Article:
утиный клюв

English translation: duckbill

GLOSSARY ENTRY (DERIVED FROM QUESTION BELOW)
Russian term or phrase:с утиным клювом
English translation:duckbill
Entered by: Andrey Lipattsev

10:09 Nov 15, 2006
Russian to English translations [PRO]
Science - Archaeology
Russian term or phrase: утиный клюв
This comes from a legend to accompany a diagram of stone tools and their components. I have uploaded the diagram to some web space so you can see to what tool this is referring:

http://www.celticguitartalk.com/misc/proz/

It's tool number 5. The exact text is as follows:

5 – резчик с “утиным клювом”;

I'm not sure what the quotation marks are there for.

My RU>EN archaeology dictionary gives 'bec' for 'клюв'; my French-English archaeology dictionary gives '1. bec' and '2. spout, nozzle (vessel)' for 'bec', and 'beak-shaped spout' for 'bec verseur' - could that be it?
Alan Campbell
Local time: 13:11
duckbill [cutter]
Explanation:
You are obviously dealing with stone-age tools, but I've found a modern one that seems to have "evolved" over the millenia:
http://www.northerntool.com/webapp/wcs/stores/servlet/produc...

Tha main point is that "duckbill" is often used to describe something with a duck's beak (see: http://en.wikipedia.org/wiki/Duck-bill)

--------------------------------------------------
Note added at 13 мин (2006-11-15 10:22:57 GMT)
--------------------------------------------------

a "beak" is ambiguous, since it doesn't render the "flatness" of the shape, i.e. an eagle also has a "beak", but the shape is totally different
Selected response from:

Andrey Lipattsev
Ireland
Local time: 14:11
Grading comment
Duckbill it is. Thanks!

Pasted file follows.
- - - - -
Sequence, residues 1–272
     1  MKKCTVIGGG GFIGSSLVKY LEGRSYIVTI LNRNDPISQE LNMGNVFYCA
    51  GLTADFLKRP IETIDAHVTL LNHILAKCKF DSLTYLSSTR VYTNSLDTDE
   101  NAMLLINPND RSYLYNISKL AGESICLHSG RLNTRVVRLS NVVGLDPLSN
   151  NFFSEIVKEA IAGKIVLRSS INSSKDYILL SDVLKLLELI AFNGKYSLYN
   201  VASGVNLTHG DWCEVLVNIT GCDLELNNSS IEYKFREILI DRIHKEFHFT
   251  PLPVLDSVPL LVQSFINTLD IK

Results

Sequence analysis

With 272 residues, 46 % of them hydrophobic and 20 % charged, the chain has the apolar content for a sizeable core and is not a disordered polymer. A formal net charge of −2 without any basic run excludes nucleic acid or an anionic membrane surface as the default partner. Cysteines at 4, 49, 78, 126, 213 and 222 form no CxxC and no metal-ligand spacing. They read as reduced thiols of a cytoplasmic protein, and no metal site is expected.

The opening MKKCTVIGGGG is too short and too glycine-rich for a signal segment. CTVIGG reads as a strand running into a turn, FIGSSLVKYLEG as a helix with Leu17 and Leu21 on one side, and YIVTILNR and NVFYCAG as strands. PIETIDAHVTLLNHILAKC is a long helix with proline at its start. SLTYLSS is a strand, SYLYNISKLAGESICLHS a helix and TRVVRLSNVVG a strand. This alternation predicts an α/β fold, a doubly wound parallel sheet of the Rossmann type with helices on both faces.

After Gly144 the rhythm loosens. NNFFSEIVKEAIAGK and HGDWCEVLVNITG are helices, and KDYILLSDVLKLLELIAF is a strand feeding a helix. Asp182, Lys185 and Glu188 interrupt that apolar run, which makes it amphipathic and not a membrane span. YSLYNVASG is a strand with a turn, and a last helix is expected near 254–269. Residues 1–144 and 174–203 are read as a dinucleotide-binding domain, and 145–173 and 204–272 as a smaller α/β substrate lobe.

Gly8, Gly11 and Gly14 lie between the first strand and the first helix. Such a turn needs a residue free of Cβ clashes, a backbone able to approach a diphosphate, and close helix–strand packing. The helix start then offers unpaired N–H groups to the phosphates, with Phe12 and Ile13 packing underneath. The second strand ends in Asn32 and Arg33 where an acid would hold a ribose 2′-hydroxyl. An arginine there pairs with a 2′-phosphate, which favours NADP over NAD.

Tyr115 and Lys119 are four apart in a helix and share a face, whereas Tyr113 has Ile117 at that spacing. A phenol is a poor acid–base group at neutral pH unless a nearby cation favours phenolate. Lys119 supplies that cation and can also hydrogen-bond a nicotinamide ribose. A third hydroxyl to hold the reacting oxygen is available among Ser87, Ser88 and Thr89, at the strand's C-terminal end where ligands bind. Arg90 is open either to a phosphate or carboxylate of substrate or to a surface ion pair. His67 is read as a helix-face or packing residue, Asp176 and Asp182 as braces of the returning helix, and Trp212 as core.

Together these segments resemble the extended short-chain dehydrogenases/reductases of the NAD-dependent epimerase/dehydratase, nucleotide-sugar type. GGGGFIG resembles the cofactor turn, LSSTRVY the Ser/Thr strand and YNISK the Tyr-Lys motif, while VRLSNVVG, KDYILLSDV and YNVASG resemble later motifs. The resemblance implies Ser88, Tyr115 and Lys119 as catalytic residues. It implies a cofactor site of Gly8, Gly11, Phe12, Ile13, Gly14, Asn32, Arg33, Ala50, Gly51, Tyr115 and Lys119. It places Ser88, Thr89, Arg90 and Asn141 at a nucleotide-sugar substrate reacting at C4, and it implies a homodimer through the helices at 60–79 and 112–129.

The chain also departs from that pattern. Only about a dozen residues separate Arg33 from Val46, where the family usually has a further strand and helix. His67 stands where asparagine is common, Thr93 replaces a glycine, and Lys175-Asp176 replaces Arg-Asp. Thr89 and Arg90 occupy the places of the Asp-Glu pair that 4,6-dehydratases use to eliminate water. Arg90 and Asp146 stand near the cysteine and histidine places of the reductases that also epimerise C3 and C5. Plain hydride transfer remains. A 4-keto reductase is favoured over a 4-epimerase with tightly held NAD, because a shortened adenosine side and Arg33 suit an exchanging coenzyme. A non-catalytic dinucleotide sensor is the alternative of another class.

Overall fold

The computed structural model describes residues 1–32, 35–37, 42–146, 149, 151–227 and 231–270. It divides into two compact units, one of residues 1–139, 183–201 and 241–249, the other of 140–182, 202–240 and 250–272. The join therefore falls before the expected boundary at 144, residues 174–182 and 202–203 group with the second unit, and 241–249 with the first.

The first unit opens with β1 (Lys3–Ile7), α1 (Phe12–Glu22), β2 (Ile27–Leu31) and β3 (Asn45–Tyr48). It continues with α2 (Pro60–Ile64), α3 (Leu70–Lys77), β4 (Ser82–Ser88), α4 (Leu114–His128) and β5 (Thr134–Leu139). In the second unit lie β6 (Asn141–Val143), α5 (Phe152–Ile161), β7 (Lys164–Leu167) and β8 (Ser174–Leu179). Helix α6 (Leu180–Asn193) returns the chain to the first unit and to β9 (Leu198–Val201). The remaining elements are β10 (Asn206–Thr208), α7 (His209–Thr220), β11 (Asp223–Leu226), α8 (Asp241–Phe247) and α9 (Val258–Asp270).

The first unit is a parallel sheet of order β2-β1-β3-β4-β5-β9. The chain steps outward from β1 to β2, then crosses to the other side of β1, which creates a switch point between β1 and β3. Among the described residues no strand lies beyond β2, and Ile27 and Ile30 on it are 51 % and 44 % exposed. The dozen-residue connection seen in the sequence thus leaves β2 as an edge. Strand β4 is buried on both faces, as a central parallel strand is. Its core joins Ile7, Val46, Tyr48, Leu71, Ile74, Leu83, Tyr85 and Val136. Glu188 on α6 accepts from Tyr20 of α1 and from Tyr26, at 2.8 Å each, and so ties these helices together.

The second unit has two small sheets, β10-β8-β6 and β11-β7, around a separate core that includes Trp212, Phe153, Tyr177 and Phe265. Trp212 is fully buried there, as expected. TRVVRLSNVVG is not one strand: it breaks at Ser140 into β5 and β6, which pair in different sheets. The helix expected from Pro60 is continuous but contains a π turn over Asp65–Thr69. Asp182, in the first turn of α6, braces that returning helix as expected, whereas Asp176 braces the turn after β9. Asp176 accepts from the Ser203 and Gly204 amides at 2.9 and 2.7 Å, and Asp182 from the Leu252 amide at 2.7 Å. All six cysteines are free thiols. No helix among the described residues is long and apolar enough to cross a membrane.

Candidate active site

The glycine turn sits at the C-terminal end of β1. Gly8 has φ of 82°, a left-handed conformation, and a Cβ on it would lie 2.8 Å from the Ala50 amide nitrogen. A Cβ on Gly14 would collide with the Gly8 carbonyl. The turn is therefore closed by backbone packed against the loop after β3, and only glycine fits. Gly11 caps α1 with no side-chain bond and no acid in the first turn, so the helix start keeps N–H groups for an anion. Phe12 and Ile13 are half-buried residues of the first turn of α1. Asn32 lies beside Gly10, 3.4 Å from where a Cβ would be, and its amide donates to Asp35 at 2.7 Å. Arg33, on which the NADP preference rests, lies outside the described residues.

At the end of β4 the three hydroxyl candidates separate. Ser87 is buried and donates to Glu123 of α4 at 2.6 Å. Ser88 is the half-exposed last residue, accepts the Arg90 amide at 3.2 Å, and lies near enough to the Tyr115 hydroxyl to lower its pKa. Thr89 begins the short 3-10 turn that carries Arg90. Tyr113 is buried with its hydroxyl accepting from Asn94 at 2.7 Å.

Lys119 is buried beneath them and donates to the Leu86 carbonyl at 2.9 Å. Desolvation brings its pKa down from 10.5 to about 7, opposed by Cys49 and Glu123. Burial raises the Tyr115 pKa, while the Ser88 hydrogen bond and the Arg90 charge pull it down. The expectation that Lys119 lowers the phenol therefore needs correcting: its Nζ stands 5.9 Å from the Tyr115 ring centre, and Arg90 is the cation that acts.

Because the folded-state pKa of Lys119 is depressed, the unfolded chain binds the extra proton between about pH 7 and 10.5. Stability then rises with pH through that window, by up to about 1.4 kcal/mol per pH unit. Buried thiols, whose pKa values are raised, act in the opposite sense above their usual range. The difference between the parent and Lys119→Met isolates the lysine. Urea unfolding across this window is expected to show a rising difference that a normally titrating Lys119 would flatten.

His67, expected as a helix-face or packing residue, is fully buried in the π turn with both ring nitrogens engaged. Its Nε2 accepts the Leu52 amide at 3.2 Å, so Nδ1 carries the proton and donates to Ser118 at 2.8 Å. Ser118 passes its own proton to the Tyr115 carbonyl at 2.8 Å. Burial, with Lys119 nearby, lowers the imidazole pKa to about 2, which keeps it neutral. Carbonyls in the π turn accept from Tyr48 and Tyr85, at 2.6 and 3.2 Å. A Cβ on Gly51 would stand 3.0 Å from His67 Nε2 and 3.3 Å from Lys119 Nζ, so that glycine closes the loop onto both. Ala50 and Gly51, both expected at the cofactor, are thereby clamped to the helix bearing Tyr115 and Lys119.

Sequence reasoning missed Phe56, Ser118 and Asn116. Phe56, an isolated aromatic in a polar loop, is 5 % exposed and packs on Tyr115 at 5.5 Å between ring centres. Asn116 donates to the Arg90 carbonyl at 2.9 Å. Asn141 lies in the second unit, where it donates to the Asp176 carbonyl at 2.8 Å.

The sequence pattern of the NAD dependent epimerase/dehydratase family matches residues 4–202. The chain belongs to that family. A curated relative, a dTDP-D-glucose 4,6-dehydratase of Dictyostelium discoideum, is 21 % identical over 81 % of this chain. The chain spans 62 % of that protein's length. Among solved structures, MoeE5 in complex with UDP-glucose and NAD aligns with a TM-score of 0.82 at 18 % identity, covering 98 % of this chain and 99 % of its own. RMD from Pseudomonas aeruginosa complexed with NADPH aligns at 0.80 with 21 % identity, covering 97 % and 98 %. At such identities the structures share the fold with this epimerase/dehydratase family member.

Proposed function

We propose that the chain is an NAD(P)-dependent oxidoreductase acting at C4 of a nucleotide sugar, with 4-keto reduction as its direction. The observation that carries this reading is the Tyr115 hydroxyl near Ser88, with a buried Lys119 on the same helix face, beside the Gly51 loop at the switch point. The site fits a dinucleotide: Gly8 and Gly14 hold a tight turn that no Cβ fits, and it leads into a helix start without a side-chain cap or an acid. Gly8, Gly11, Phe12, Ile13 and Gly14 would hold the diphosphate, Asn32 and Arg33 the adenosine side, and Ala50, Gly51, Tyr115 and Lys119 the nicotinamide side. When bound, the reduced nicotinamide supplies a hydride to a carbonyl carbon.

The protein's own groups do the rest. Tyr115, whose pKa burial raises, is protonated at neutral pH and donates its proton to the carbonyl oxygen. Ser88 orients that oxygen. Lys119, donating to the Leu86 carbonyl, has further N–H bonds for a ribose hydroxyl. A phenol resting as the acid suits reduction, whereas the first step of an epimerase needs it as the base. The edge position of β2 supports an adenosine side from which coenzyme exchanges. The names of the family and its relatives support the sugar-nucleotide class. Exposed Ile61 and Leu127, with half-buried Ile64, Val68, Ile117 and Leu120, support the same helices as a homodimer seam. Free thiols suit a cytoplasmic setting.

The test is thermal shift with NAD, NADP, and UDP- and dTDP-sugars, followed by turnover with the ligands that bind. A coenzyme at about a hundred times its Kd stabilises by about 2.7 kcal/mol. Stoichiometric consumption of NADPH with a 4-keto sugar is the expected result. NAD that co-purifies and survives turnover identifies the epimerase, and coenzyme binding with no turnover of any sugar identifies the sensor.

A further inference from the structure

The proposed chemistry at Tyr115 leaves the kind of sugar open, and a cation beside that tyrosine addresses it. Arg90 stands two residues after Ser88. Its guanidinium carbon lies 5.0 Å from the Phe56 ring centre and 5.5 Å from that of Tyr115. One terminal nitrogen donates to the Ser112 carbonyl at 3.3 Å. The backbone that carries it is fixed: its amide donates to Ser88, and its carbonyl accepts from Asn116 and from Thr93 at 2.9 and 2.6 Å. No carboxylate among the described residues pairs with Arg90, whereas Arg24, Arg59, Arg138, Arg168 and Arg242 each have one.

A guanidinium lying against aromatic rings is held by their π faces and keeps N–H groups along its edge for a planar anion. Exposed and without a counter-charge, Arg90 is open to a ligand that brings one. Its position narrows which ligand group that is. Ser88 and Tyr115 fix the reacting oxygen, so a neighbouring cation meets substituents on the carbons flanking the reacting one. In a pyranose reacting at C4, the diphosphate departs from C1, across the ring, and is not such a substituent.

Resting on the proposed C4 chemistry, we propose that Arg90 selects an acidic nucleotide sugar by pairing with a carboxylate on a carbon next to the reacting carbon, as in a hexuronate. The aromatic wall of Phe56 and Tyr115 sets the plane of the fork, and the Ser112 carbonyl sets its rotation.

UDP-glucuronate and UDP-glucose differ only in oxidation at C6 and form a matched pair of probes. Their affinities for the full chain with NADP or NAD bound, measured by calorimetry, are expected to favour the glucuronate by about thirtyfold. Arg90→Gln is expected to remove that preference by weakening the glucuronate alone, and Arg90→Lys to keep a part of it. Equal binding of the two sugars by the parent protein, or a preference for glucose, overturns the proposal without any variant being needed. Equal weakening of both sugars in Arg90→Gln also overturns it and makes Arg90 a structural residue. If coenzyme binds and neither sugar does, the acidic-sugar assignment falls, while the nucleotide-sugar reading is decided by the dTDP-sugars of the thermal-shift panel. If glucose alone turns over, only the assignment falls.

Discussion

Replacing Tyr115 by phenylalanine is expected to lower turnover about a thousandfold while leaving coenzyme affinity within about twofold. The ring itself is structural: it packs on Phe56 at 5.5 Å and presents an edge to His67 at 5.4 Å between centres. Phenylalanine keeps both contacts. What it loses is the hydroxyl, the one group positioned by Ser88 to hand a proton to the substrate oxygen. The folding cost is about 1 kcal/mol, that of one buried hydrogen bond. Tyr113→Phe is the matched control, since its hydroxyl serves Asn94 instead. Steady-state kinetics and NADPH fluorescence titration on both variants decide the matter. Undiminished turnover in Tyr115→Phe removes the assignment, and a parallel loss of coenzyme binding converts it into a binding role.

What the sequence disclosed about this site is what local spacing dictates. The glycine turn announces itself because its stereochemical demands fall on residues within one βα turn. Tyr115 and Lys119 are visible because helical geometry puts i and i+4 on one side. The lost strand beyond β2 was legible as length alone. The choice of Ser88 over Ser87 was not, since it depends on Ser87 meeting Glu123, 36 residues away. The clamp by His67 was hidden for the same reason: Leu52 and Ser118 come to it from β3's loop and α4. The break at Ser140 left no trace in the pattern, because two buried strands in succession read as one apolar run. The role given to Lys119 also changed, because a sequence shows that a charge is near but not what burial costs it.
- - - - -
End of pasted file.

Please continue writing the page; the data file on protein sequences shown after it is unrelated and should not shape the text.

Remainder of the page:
4 KudoZ points were awarded for this answer



Summary of answers provided
4 +3duckbill [cutter]
Andrey Lipattsev
4beak-shaped spout
Valery Kaminski


  

Answers


10 mins   confidence: Answerer confidence 4/5Answerer confidence 4/5
beak-shaped spout


Explanation:
It seems valid.

Valery Kaminski
Belarus
Local time: 16:11
Native speaker of: Russian
PRO pts in category: 4
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11 mins   confidence: Answerer confidence 4/5Answerer confidence 4/5 peer agreement (net): +3
duckbill [cutter]


Explanation:
You are obviously dealing with stone-age tools, but I've found a modern one that seems to have "evolved" over the millenia:
http://www.northerntool.com/webapp/wcs/stores/servlet/produc...

Tha main point is that "duckbill" is often used to describe something with a duck's beak (see: http://en.wikipedia.org/wiki/Duck-bill)

--------------------------------------------------
Note added at 13 мин (2006-11-15 10:22:57 GMT)
--------------------------------------------------

a "beak" is ambiguous, since it doesn't render the "flatness" of the shape, i.e. an eagle also has a "beak", but the shape is totally different


    Reference: http://www.northerntool.com/webapp/wcs/stores/servlet/produc...
    Reference: http://en.wikipedia.org/wiki/Duck-bill
Andrey Lipattsev
Ireland
Local time: 14:11
Native speaker of: Russian
PRO pts in category: 4
Grading comment
Duckbill it is. Thanks!

Peer comments on this answer (and responses from the answerer)
agree  Simon Hollingsworth: I'm no caveman, but this sounds just right to me
7 mins
  -> Thanks!

agree  David Knowles: This must be it, and I'll refrain from commenting on Simon's remark!
56 mins
  -> Thanks!

agree  Jack slep: Was going to say the same thing. Seems reasonable since there are duckbill jars, duckbill axes, etc., in archaeology
3 hrs
  -> Thanks!
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